Depending on who you talk to, meetings are either the worst or best part of the day.
While some enjoy the collaborative productiveness of meetings, others feel that meetings waste time, and that whatever’s being discussed could better be addressed in other ways. Still, meetings remain a “necessary evil” in the business world—and particularly in cultures that embrace inclusiveness. Meetings offer the means to invite, and listen to, input from a broad range of stakeholders.
It’s critical for leaders to be inclusive of employees who are part of their team—all employees. The workplace, and the marketplace, are far more diverse place than they have ever been. Gathering inputs from voices that reflect your market is, therefore, critical for business success.
In Renee Cullinan’s Harvard Business Review article Run Meetings That Are Fair to Introverts, Women, and Remote Workers, she discusses how meetings that are productive for extroverts, men and/or on-site employees might not be inclusive of the many other groups of employees who are integral to your team’s success.
Cullinan talks about the reasons that some groups tend to be ignored: introverts process information through thinking rather than speaking, thus not acting as quickly as extroverts; remote employees are “out of sight, out of mind,” meaning their feedback is not always taken into consideration; and men are seen as having more opinions or ideas to share than women, thus seen in the form of “‘manterrupting’ (a man unnecessarily interrupting a woman) to ‘mansplaining’ (a man interrupting a woman to explain something that she actually knows more about than he does) to ‘bropropriating’ (a man taking credit for a woman’s idea).”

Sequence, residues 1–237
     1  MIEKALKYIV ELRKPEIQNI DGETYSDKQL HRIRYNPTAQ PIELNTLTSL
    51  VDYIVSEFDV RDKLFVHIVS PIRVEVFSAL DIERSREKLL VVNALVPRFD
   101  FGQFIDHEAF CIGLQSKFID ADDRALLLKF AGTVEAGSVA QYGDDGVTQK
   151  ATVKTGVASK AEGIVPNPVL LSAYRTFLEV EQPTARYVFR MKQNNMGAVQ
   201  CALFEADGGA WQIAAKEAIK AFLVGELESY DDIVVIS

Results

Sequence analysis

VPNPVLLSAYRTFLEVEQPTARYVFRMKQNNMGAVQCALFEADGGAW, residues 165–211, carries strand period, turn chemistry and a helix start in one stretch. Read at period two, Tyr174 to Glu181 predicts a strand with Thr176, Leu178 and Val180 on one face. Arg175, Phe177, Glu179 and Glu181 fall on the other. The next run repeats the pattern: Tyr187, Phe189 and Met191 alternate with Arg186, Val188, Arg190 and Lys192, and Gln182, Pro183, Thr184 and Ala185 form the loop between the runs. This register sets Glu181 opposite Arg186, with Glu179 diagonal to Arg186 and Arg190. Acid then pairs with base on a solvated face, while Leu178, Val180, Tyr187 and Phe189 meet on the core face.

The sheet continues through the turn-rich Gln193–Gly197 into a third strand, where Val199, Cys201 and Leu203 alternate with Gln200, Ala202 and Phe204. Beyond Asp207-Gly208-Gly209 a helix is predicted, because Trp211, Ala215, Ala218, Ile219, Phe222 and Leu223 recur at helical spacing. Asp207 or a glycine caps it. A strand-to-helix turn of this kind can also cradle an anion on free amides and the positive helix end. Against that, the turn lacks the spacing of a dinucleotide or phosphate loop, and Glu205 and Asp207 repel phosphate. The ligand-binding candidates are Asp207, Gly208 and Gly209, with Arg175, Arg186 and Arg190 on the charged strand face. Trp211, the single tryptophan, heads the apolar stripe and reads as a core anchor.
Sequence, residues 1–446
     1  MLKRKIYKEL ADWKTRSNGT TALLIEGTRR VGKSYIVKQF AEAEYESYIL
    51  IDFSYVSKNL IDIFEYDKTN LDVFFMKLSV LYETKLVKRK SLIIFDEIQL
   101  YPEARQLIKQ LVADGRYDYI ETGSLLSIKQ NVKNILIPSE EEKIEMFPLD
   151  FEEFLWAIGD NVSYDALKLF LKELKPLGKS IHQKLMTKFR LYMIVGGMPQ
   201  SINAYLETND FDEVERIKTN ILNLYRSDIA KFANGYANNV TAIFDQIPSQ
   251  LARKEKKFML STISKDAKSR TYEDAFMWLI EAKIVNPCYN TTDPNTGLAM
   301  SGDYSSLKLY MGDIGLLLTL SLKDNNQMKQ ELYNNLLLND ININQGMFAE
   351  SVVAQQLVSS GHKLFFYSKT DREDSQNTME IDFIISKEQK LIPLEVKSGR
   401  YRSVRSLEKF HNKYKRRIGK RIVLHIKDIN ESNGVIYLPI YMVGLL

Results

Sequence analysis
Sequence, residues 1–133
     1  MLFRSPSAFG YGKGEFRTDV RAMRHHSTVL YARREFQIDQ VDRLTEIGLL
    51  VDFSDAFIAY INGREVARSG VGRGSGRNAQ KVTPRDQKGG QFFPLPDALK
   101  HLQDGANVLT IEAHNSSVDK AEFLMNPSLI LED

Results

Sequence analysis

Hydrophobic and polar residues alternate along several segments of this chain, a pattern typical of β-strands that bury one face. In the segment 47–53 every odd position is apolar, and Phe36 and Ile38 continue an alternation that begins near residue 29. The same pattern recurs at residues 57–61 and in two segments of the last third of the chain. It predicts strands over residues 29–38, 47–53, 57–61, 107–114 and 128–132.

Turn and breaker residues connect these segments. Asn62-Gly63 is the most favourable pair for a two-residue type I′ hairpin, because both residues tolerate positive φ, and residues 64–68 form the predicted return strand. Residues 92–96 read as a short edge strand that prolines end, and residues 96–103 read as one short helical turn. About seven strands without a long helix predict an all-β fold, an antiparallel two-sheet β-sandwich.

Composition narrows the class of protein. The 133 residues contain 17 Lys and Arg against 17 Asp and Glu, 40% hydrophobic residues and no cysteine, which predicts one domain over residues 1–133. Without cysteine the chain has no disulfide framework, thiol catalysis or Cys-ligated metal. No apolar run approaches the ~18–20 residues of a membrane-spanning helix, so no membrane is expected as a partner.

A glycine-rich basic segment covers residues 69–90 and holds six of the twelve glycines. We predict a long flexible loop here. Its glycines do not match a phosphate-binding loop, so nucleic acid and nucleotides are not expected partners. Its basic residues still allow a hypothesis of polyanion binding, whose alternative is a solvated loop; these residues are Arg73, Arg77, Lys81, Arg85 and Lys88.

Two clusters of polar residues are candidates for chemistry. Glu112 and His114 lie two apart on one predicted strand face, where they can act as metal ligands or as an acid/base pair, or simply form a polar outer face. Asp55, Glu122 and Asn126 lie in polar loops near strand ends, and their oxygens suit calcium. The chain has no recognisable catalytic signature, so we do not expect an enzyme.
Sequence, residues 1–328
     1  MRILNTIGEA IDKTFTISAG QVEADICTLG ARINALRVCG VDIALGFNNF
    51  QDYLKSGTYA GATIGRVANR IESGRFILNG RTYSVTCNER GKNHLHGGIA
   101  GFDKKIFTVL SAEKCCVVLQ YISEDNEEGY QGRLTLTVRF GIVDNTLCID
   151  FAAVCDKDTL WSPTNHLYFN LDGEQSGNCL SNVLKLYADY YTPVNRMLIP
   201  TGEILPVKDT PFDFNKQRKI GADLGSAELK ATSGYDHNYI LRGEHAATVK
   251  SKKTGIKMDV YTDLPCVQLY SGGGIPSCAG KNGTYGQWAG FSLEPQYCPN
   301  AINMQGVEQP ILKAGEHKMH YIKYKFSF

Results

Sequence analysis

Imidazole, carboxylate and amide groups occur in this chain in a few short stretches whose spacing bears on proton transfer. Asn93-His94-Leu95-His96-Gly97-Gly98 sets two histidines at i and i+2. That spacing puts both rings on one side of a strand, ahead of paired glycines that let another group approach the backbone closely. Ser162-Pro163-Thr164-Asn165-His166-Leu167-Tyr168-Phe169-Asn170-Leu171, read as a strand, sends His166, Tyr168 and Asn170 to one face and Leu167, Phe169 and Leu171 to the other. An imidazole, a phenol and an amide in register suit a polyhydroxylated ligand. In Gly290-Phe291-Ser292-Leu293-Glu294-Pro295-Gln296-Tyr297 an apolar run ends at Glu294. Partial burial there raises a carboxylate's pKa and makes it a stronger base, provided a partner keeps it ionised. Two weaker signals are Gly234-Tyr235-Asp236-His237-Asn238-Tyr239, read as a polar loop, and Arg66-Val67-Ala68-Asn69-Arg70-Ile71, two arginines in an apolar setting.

All of these assumptions or stereotypes, of course, circle back to unconscious biases. Cullinan notes that most leaders aren’t intentionally being exclusive, but they’re subconsciously acting on biases that they may or may not know that they have. If you look back on your own past meetings, you may realize that you’ve inadvertently failed to include everyone’s voices. Perhaps you’ve focused primarily on the extroverts who speak first and most often; maybe you’ve allowed a male employee talk over a female employee; or perhaps you haven’t given as much weight to the input of a new, younger, employee.
Don’t beat yourself up for it 一 it happens to the best of us. But, don’t let this behavior continue. An important first step toward inclusion is recognizing your own unconscious bias. The next is taking steps to address these biases by considering what you will do to make sure your meetings are productive for everyone—not just the more vocal employees participants.
Don’t let your unconscious biases drown out the voices of introverted or remote staff members. Be inclusive!
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